Before we had television at home, my parents invested in a film projector. Each weekend Dad would bring home three films from a library in town. We enjoyed these over the three nights. Usually there was one documentary, one cowboy and one comedy film. Thus we had quite a variety.
As we grew up, we used set up the projector on the kitchen table and the screen (probably a sheet) over the front door. We then invited our young friends in to watch charging the grand ticket price of one penny. They sat in the hall and up the stairs.
This interest in films stayed with me. During my decade or so teaching in PNG in International Schools an interesting project emerged. I was enabled with other colleagues and friends to set up a film library and film-showing unit. A team would travel out of town into a designated village after school. In the cool of the evening, we announced a film show for about an hour or so. People would gather in groups and soon everyone would be settled in for the show.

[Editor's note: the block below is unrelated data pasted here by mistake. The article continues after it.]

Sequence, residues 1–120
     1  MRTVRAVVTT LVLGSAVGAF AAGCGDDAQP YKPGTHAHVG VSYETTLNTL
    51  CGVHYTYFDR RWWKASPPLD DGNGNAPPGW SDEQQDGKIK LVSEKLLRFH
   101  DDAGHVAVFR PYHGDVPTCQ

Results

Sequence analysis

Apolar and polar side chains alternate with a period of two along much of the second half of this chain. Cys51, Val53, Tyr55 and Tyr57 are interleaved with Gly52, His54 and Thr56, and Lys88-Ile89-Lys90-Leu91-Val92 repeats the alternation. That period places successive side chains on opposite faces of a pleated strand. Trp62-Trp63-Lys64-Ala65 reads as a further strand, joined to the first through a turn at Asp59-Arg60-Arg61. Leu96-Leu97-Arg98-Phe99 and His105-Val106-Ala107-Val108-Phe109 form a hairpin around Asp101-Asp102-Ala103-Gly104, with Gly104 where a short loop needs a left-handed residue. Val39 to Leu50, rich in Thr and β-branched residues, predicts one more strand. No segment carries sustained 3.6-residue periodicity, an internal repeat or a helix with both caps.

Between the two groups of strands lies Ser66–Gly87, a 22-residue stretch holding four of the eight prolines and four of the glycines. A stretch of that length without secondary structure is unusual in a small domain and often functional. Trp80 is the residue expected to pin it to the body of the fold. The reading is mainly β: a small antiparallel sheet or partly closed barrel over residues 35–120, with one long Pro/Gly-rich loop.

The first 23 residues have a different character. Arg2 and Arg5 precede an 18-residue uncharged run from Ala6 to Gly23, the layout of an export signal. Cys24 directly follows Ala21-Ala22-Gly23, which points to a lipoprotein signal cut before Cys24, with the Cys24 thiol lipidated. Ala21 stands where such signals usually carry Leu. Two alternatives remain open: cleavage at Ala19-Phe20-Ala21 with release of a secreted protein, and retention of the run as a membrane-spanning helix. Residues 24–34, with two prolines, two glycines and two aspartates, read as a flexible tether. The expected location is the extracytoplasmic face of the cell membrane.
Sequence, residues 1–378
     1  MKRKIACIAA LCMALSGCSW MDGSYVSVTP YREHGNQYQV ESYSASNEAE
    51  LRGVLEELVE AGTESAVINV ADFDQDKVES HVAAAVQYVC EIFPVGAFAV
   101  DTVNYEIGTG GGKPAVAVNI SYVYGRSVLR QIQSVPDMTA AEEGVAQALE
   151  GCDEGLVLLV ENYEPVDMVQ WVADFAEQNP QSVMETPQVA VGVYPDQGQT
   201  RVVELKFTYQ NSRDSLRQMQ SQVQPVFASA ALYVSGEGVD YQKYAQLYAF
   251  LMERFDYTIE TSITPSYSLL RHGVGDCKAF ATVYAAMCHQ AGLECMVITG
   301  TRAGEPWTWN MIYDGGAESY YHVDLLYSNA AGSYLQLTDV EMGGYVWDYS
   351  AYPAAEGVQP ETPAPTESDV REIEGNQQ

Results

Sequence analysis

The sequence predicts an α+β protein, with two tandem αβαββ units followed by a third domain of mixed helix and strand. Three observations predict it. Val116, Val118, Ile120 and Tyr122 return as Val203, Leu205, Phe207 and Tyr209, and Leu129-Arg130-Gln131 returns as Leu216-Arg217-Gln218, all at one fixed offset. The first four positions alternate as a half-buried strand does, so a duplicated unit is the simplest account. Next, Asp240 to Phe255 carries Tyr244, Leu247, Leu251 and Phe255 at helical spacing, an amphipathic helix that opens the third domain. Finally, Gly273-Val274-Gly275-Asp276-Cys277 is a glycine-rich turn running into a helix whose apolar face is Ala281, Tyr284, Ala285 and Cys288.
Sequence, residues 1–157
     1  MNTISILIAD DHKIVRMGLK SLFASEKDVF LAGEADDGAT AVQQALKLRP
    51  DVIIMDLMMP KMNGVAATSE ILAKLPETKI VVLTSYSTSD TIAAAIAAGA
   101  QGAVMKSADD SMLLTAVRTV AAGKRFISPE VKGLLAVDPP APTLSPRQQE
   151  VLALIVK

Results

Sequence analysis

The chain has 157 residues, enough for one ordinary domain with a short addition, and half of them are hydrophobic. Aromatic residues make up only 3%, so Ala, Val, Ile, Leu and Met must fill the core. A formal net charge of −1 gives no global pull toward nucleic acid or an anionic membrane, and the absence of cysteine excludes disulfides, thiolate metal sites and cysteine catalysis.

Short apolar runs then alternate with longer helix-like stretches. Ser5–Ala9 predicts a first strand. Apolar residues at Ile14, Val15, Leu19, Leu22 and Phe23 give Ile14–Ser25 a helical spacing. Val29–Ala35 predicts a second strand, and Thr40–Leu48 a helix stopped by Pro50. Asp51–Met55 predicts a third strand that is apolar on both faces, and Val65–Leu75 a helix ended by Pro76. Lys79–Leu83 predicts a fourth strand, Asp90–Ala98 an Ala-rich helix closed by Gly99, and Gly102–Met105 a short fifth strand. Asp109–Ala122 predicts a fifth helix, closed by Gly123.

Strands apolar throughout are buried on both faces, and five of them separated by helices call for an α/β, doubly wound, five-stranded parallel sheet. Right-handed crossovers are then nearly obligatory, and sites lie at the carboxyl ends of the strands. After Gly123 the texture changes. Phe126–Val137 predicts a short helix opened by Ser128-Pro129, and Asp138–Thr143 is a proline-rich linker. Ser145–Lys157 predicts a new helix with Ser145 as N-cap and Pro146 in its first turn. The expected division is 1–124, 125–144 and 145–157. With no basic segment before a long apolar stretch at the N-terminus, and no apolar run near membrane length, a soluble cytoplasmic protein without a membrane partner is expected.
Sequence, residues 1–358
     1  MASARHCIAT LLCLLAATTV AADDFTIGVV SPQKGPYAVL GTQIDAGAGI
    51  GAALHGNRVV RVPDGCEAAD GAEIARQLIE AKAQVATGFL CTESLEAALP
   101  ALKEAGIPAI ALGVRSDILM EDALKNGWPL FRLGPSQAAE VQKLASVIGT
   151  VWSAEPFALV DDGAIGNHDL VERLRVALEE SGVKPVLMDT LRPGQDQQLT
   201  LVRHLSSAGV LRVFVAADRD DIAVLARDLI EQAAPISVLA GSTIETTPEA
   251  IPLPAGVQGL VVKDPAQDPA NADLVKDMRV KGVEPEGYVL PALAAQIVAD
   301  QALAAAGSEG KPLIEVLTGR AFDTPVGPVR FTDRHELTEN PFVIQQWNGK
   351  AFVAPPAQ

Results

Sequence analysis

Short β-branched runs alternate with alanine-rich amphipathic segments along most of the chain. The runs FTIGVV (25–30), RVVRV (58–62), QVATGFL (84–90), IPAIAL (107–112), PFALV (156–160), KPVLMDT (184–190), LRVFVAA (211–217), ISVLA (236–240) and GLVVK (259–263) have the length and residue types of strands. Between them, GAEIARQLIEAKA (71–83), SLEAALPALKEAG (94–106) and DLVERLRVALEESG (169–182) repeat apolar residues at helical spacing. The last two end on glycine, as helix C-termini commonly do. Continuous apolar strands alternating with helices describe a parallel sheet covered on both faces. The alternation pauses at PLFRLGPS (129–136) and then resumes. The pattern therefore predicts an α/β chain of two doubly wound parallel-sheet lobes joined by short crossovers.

An extension of the concept in the town was to organise a Film Festival for a week. Five or six films would be chosen and then venues arranged throughout the market-town and then rotate the films each night. The attendence was great and the interest high.
Later, we progressed to taking film crews by light aircraft to remoter areas. This was usually at the weekends. Folk were alerted. Villagers would drift in from all over the mountainside to watch the open-air show. One of the favourite films was called Morabe and was in the bridge-language of Pidgin-English. It told the story of sons that asked their father to forward their inheritance to them and they set off for the big city – the capital. Of course only one returned and he was derelict. It was a film commissioned by the government to address the high incidence of urban drift. It lasted about 2.5 hours and I rarely if ever saw anyone sleeping, young or old. They were rivetted to the screen.